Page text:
Behave appropriately in the classroom. Follow all of the posted classroom rules. You shouldn’t talk out of turn or interrupt the class in any other ways. Raise your hand if you have something to say or a question to ask. Participate in class discussions and show enthusiasm for learning. NEVER fall asleep in class. The stigma of that misstep could follow you around for a long time. You should listen to your teacher when they are speaking and ask questions when you’re unclear about something and can’t find the answer elsewhere (textbook, student handbook, syllabus, etc.). Don’t ask the same question more than once, including those questions asked by other students.

Choose the right seat. It is a good idea to sit in the teacher’s line of view. As soon as you walk into the classroom, choose a seat in the front of the classroom or down the center row. You also want to consider who you’ll be sitting around when you choose your seat. Don’t sit down next to someone who you know has nothing to offer but a whole lot of gossip and ultimately trouble.

Offer help to your teachers and classmates. If your teacher seems to be struggling or asks for help with technical equipment, ask if he or she would like any help. You could also offer to clean the board or desks. If a classmate is struggling with a certain concept, help them out so that your teacher is freed up to do something else or help another classmate.

Be friendly and respectful towards your teachers. Say hello to your teachers in the hallways and remember to smile and make eye contact. Introduce yourself at the first opportunity and try to find something that you have in common. Talk to your teacher for a minute or so. This can show your confidence and ability to socialize, while also making your face and name more memorable.

Keep a positive attitude. Don’t whine, complain, or badmouth your teachers or classmates. Having a negative attitude towards others will only cause them to have a negative attitude about you. Teachers find it easier to get along with a positive person, so keep that in mind.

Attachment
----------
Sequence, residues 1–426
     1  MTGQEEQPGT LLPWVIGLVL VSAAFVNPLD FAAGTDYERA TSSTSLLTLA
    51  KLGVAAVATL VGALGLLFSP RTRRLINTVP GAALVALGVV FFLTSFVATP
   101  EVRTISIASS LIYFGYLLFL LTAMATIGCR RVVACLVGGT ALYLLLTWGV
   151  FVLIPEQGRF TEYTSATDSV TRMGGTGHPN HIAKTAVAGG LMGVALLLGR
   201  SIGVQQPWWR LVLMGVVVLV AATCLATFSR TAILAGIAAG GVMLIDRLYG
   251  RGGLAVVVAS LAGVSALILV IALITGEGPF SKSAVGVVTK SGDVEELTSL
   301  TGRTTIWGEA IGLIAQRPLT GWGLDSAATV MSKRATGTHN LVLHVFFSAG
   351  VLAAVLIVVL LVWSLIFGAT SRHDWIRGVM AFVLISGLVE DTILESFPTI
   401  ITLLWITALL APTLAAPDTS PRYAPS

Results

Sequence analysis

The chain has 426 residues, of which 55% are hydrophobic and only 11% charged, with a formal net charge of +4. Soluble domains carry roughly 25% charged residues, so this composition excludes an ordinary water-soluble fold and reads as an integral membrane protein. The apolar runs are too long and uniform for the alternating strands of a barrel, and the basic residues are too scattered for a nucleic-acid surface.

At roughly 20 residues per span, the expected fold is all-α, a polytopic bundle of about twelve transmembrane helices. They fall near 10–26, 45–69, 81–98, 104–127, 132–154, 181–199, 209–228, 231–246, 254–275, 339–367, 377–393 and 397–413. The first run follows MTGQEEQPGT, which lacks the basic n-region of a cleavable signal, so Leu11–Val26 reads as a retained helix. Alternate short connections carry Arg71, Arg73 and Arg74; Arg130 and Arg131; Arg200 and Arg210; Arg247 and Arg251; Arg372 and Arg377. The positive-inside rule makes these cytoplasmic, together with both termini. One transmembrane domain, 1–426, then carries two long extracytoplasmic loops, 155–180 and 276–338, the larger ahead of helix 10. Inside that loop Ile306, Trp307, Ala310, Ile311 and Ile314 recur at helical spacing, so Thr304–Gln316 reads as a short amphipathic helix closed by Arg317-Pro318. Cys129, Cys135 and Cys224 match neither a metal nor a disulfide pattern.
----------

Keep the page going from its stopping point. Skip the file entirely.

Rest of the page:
Remember to put forth your best effort. You’re not a straight A student? That doesn’t mean to shut down in the classroom. Many times teachers will be impressed if you are trying your best even though you aren’t making the best grades. Also, if you’re offered extra credit, always do it! It is especially important to accept that first extra credit project. Your teacher will see that you are willing to go above and beyond to do well in your studies.

Be gracious and appreciative. When teachers have helped you in the classroom or hallways, remember to be courteous and say thank you. Some even give their teachers a gift on the first day of class and on holidays. If you decide to offer a gift, make it something small that they would sincerely appreciate or use.

With these tips you’ll be well on your way to creating a good first impression with your new teachers this school year. Remember, all teachers are different and have different personalities. If for some reason your first impression doesn’t end up being all that great, don’t get too upset. Last impressions are always more important the first impressions. Make sure that you leave the school year on a good note if you start off on the wrong foot with your teachers. Good luck students!

Published by Kristin Ketteringham